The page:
When it came time for Boston-area designer Kristina Crestin to move her small firm into a new office, she set her sights on the train station. No, she wasn’t trying to leave town, but instead hoping to restore a bit of history to a once-bustling building. The structure, located in the small beach town of Manchester-by-the-Sea, had first served as the rail station for Boston’s beach goers, but had been vacant for many years. In 2015, Kristina and her team were given the chance to renovate the the second floor, giving Kristina Crestin Design a more permanent home.
First, Kristina divided the space into two main areas: a conference room and a workspace. Using a half wall (made of shiplap and installed by her husband) and a dramatic panel-window system, the space is private yet open all at once. In the conference area is a long table, designed by Kristina and created by local builder 60 Nobscot Home. Soon after, Kristina was on the prowl for the perfect set of chairs. On a whim, she stopped into an antique store in Ipswich, and 12 black Bertoia chairs were there… almost waiting for her. Above, two glass pendants add a dose of calming color.
Along the wall, Kristina used IKEA’s popular PAX closet system for storage — housing samples, finishes, a fabric library, jewelry pull out trays with hardware, cabinet knobs, metal finishes, and catalogs. Below the window, a console table receives a second life: it was originally her client’s and destined for the dump. She gave it a fresh coat of paint and it now offers more storage for the busy studio.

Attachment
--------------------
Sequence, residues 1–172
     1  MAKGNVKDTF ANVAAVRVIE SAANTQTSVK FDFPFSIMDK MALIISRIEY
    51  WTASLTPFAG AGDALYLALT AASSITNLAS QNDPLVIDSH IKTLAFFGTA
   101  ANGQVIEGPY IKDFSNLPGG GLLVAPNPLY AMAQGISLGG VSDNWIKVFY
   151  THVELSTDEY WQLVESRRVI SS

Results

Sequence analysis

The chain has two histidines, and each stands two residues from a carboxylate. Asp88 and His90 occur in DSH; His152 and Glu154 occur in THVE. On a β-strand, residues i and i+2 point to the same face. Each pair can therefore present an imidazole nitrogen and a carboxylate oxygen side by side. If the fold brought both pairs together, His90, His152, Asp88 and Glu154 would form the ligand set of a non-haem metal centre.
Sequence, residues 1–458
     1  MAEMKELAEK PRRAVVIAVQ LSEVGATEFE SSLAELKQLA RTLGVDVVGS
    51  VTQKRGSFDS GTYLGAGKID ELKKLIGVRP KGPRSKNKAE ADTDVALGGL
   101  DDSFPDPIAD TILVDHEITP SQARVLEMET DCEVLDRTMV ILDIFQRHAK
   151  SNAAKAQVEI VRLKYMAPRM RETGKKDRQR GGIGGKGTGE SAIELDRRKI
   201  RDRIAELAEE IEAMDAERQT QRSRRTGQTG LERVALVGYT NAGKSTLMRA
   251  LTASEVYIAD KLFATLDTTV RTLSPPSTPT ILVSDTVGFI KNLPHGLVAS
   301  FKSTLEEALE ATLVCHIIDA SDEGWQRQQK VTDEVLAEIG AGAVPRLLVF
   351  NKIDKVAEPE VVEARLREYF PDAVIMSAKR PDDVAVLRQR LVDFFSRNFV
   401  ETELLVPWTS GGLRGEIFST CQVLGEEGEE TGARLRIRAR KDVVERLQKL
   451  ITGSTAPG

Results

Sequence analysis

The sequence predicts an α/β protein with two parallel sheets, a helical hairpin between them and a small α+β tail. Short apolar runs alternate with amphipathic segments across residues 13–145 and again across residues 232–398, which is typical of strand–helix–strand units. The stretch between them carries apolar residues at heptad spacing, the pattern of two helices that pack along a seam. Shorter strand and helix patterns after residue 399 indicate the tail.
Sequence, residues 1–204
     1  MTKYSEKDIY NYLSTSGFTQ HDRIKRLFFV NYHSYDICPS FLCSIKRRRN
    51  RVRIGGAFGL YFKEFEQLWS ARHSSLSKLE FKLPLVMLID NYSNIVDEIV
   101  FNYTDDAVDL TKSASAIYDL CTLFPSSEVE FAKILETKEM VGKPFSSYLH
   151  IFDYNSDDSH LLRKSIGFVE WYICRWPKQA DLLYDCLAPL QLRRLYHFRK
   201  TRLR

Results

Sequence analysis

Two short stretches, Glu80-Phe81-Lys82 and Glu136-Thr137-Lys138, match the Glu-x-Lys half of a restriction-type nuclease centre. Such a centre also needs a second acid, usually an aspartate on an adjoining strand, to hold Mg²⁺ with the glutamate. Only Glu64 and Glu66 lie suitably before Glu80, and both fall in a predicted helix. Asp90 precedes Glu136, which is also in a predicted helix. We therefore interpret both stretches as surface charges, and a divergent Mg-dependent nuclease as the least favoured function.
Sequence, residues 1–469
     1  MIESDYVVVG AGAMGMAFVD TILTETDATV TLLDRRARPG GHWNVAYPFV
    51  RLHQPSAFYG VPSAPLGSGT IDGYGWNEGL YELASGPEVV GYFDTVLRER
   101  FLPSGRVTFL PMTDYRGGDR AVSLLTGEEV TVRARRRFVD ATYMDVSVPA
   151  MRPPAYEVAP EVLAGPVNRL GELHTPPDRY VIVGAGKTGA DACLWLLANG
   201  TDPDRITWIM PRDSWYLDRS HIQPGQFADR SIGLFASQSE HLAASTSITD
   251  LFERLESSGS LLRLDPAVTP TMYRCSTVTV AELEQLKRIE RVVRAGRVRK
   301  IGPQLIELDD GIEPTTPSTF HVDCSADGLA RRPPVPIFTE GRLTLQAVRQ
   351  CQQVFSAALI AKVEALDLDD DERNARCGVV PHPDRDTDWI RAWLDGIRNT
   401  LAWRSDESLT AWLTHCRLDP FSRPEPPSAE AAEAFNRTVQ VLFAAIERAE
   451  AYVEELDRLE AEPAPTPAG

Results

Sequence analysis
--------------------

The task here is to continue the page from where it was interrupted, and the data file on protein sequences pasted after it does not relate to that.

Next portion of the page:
In Kristina’s office, the Oly Studio Faline table takes center stage. It had been on her wish list for years, and was the only piece that was a must-have. Above the desk is a vibrant painting by Christina Baker, highlighting the colors the firm uses most.
However, the stairwell may be Kristina’s favorite spot in the entire space. A turquoise stag, affectionately known as Bucky, watches over a gallery wall that shows off some of the designer’s favorite projects and press clippings. We can’t help but notice there’s room for the gallery to grow, which is a good thing for the talented designer. We have a feeling she and her team are just getting started.
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